Environmental Train Wreck: Houston’s Black Churches Fight Pollutants

Leaders and activists petition to hold a railway company to account for decades of carcinogen use.

Long before two cancer clusters were discovered in their Houston neighborhood, residents and fledgling activists met in churches and community centers across the Greater Fifth Ward, slowly building what would become a groundswell of environmental justice work in one of the city’s historically Black communities.

“It was all God’s doing,” said James Joseph, a minister at Lyons Unity Missionary Baptist Church and the founder of the Fifth Ward’s Neighborhood Enrichment Xchange. “He planted me here.”

The northeast corner of Houston is home to communities like Fifth Ward, Kashmere Gardens, and Trinity–Houston Gardens—African American neighborhoods with churches dotting most street corners. For decades, residents have been calling attention to the area’s compounding environmental issues, from drainage problems and air pollution to poor water quality.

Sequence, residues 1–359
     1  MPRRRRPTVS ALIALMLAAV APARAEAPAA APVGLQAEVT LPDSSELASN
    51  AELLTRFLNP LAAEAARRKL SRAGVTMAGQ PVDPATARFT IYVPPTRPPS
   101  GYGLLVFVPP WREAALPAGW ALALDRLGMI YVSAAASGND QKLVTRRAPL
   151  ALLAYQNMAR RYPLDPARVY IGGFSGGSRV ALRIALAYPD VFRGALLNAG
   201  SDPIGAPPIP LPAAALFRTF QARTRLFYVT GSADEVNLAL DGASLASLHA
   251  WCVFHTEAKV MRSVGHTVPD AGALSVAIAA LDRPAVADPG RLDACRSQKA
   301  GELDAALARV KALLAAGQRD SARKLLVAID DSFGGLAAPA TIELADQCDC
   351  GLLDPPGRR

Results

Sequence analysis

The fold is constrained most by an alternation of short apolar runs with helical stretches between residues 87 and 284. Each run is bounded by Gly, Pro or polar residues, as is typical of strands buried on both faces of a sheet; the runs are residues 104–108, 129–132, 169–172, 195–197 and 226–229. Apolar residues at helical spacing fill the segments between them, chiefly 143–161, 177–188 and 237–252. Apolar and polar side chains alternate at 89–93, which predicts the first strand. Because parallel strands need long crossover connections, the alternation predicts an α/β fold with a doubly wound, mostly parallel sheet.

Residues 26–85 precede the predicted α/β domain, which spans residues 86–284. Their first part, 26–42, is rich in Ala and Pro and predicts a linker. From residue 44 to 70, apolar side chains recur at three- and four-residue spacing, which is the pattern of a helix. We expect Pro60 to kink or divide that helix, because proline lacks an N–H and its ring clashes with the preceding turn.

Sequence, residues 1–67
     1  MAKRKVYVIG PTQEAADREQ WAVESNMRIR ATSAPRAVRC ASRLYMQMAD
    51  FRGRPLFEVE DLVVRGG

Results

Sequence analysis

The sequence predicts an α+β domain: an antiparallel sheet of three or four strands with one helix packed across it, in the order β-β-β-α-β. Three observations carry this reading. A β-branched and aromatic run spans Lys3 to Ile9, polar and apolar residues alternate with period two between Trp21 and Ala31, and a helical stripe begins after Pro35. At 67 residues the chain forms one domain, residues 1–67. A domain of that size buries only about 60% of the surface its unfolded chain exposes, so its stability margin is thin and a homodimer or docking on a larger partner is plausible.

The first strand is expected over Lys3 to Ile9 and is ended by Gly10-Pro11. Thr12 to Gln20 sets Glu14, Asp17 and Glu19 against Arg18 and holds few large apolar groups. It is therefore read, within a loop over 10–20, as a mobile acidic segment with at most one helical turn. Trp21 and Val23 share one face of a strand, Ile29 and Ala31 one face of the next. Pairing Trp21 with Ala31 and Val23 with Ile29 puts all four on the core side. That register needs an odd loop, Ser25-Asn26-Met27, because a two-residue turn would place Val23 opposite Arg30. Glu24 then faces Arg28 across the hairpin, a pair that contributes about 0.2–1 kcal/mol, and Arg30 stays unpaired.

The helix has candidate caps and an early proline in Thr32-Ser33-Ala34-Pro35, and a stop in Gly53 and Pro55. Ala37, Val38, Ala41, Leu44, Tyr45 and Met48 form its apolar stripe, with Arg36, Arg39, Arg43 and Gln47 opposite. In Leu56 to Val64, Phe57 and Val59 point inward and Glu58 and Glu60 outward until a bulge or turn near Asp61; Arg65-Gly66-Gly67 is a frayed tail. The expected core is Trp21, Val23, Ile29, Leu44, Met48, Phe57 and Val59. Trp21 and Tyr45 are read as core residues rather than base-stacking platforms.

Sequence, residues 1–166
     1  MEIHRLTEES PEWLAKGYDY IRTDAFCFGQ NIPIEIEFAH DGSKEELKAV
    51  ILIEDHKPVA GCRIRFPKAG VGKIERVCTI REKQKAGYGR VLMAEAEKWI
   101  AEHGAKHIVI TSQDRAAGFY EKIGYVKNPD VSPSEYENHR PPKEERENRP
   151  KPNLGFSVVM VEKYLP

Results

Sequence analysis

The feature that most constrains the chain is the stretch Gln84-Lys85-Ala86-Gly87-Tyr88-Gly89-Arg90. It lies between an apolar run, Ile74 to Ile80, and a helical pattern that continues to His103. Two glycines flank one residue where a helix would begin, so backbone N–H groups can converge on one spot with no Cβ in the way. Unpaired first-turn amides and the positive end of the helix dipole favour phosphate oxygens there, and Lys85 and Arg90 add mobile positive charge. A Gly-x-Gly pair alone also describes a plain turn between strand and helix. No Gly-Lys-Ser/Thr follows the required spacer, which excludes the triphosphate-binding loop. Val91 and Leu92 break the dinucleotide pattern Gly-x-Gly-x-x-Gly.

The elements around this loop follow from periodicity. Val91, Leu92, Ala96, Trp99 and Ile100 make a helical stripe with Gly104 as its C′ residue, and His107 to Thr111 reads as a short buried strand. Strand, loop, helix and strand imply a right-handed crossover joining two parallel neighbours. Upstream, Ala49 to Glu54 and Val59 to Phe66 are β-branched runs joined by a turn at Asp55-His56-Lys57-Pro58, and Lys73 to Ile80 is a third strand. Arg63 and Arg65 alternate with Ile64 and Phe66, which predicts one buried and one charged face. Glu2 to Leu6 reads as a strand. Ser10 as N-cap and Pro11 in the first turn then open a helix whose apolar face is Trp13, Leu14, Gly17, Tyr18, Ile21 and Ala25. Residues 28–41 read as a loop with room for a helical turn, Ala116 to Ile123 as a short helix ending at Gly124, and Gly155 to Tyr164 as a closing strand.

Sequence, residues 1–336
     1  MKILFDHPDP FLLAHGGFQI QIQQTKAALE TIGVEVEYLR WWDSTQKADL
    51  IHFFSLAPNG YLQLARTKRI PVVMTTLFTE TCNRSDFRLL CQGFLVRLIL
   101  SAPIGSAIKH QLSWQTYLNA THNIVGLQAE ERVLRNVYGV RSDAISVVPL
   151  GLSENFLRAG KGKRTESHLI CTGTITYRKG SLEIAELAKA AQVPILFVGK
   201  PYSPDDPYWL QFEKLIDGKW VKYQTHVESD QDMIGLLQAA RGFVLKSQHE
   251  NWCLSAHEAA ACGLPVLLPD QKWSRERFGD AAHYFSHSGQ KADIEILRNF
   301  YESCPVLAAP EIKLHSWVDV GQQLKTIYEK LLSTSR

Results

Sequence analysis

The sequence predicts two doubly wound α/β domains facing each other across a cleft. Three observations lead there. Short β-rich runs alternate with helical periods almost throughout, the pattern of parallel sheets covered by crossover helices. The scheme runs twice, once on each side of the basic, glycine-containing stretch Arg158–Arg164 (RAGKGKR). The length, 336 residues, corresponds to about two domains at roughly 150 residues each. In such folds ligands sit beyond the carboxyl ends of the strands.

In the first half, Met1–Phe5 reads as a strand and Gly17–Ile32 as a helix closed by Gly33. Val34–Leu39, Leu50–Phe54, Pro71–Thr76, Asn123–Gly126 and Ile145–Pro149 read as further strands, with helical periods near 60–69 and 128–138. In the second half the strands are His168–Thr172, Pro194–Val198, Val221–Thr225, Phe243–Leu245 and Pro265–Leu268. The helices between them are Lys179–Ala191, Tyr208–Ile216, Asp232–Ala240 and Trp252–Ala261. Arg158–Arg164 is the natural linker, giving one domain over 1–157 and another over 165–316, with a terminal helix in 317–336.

For Christians like Joseph, exposing the health risks and fighting for change is a way to “walk in the light” and “serve God and his people.” Their faith has given them the patience to wait for media and politicians to pay attention to their calls for change and, hopefully, reform policies to better protect their neighbors and the place they call home.

More than a decade ago, people meeting at Joseph’s church began addressing concerns like stopped trains blocking traffic or horns blasting throughout the night. And then they heard about the creosote. From there, Joseph said it felt like they were “connecting the dots” between the different environmental issues plaguing the neighborhood.

On a 33-acre site between Fifth Ward and Kashmere Gardens, Southern Pacific Railroad operated a wood-preserving …

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